Lack of economic development leads to frightening North Nashville incarceration rate

14% of people who grew up in North Nashville in the early 1980’s were incarcerated at some point in their 30’s.

A lack of economic development and opportunities in Nashville’s African American community has been born out in an alarming statistic. According to a study by the Brookings Institute, African Americans living in the 37208 zip code had the highest incarceration rate in the country.

The study shows that 14% of people who grew up in North Nashville in the early 1980s were incarcerated at some point in their 30s.
The study showed a direct correlation between income levels and incarceration.

According to the authors: “Boys who grew up in families in the bottom 10% of the income distribution (families earning less than about $14,000 are 20 times more likely to be in prison on a given day in their early 30s than children born to the wealthiest families) those earning more than $143,000.”

The authors estimate that almost one in 10 boys born to lowest income families are incarcerated at age 30 and make up about 27% of prisoners at that age.

Zip code 37208 covers historic African American North Nashville. From 1980 to 1986, one in seven children born in North Nashville could expect to end up incarcerated on any given day in their early 30s, the highest rate in the nation among high-population Zip codes.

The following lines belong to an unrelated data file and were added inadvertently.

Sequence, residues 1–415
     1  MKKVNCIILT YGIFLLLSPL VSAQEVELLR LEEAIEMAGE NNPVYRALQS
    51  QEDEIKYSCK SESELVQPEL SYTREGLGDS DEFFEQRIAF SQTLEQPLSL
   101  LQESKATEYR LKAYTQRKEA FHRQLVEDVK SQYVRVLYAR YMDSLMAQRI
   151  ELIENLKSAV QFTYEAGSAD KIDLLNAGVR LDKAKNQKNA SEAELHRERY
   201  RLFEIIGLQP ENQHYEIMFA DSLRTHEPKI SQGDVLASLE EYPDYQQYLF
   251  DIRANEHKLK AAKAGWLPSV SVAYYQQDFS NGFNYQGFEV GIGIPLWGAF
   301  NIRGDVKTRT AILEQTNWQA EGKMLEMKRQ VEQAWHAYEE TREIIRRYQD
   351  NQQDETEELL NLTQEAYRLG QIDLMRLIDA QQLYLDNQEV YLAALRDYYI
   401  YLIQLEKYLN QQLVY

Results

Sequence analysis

“The poor labor market outcomes we see prior to incarceration, as well as the strong relationship between childhood conditions and later incarceration, suggests that there are other barriers to employment beyond incarceration,” said the authors. “Policies focused earlier in life that increase childhood investments, reduce discrimination, reform criminal justice practices, or target economic distress in specific neighborhoods may be more effective tools for both reducing future incarceration rates and by aiding reentry following release.”

Others alarming statistics discovered in the study include massive disparities in health outcomes and economic growth, with distressed communities literally being left behind by the rest of the country.

The inhabitants of more prosperous places tend to be healthier and live longer than their neighbors in less advantaged communities, where struggles to find work or pay the bills exact heavy physical and psychological tolls. Additionally, economic growth is concentrated in the top echelon of U.S. places. An impressive 85% of prosperous zip codes saw rising numbers of business establishments and 88% registered job growth.

Outside of the upper echelon, however, growth rapidly becomes less pervasive. Only about two out of every five distressed zip codes registered job growth from 2011 to 2015 and only one in five added business establishments.